Designing a functional kitchen—where to start?
This blog post explains the steps to design a functional kitchen.
Photo by Joshua Witheford
Let’s get into the zone now. Or in plural, in fact, zones:
The first step in designing a new kitchen is defining the working zones.
First, list down everything you want to do in your kitchen, such as: breakfast preparation, chopping vegetables for dinner for the extended family, washing dishes, serving food, baking delicious cakes, making fresh sushi rolls for kids lunch bag in the morning, using your fancy steamer, sit down for a cuppa, packing away leftovers, kids making themselves an afternoon tea, etc. – whatever it is that you and your family do in the kitchen.
Think about how you like to use the kitchen – is it just one person at a time or are there many chefs stirring your soups? Then group the tasks if they are very similar: breakfast preparation is very similar to afternoon tea preparation and sushi making requires chopping vegetables too. These grouped tasks are your zones.
Second, list down everything you need for all these zones. Some of them are overlapping.
For example, for making a breakfast I would need: fridge to get the milk, cheese and butter from; oats (read: pantry or dry storage); a bowl, cup and plate; microwave oven for making the porridge in; coffee machine; water to fill it up; bread; toaster for toasting bread; and a knife, spoon and cheese slicer.
Ideally everybody in your household has breakfast every day – and it’s not often leisurely – so your breakfast zone is one that is used actively and should work seamlessly. Everything you need in this zone (or in any zone) should be reachable by standing in one spot or maximum just a step to the left and a jump to the right. This list tells you that in breakfast zone you should have access to the most common cutlery and crockery, fridge, pantry, microwave, coffee machine and toaster. Remember that many people in the household might want to have breakfast at the same time so this area might require additional space.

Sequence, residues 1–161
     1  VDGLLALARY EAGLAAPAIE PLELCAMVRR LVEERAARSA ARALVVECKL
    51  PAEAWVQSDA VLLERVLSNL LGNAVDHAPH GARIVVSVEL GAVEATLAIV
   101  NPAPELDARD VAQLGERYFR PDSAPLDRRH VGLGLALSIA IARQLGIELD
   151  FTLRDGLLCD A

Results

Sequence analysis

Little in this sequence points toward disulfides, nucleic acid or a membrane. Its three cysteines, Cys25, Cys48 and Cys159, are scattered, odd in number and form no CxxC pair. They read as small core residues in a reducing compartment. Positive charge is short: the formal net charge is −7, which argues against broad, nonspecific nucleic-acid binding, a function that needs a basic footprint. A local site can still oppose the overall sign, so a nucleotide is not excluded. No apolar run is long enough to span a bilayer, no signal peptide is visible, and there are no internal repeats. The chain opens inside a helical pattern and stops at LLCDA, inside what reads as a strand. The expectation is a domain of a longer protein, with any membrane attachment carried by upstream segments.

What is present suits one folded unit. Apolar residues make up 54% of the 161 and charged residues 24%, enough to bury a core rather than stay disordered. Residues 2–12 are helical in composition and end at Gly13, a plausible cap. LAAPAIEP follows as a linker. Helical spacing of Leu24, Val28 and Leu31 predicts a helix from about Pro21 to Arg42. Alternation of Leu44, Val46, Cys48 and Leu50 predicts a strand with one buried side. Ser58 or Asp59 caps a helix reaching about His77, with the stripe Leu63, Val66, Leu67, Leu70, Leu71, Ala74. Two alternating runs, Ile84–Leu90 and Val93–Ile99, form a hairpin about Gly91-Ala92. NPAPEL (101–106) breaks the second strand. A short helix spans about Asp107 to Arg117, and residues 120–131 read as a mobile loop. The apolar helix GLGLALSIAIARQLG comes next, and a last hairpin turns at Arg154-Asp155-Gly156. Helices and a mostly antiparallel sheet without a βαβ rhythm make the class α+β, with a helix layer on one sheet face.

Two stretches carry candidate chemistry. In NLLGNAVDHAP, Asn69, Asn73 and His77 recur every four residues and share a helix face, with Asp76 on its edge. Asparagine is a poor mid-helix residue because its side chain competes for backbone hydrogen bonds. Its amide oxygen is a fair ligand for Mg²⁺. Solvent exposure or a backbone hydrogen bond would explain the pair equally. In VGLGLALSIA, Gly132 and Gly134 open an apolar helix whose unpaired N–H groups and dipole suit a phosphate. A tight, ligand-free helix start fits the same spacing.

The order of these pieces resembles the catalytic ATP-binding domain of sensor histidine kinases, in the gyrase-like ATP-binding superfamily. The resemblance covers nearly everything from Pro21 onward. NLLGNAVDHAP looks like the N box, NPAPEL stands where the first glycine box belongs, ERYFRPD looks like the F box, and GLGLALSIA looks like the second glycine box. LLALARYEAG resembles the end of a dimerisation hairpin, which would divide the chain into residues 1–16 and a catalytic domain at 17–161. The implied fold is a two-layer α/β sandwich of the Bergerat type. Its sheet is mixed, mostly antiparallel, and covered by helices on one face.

Then your next zone: sushi / dinner making – or food preparation zone in general: you need access to water for rinsing veggies and washing your hands, chopping boards, good knife, fridge and a lot of working space.
And so on. Your food preparation zone would ideally be in between the fridge and the sink, or between the sink and the stove. Your packing away zone should have your collection of 60 lidless tupperwares and cling wrap. The dishwasher should be near water for rinsing, the bin for scraping and the most commonly used crockery and cutlery so that emptying it is a breeze. Get the idea?
Third, let’s draw. Draw a bubble for each of your zones and mark down the items needed in them. Some of the bubbles are overlapping, some of them are smaller than others, many of them would ideally be in the exact same spot so you need to compromise. Pay attention to which items are shared – they need to be more central in your kitchen with easy access from various zones.
Your zones show you how to place the storage and working areas in your new kitchen in relation to each other, in order to make it ideal for your lifestyle. Now you only need to match the zones to the kitchen layout and the available space, like this:
But that’s it – the first step for a functional kitchen design is done!
* Small text: there’s still the little tasks of selecting cabinetry and storage types and sizes, selecting materials and colours for cabinets, benchtop and splashbacks, selecting appliances, buying the shiny copper toaster, styling it all skilfully, learning to cook. I’ll get to the remaining parts in my later blogs so keep on reading. (The learning-to-cook part I will not mention again.)
Until the next time!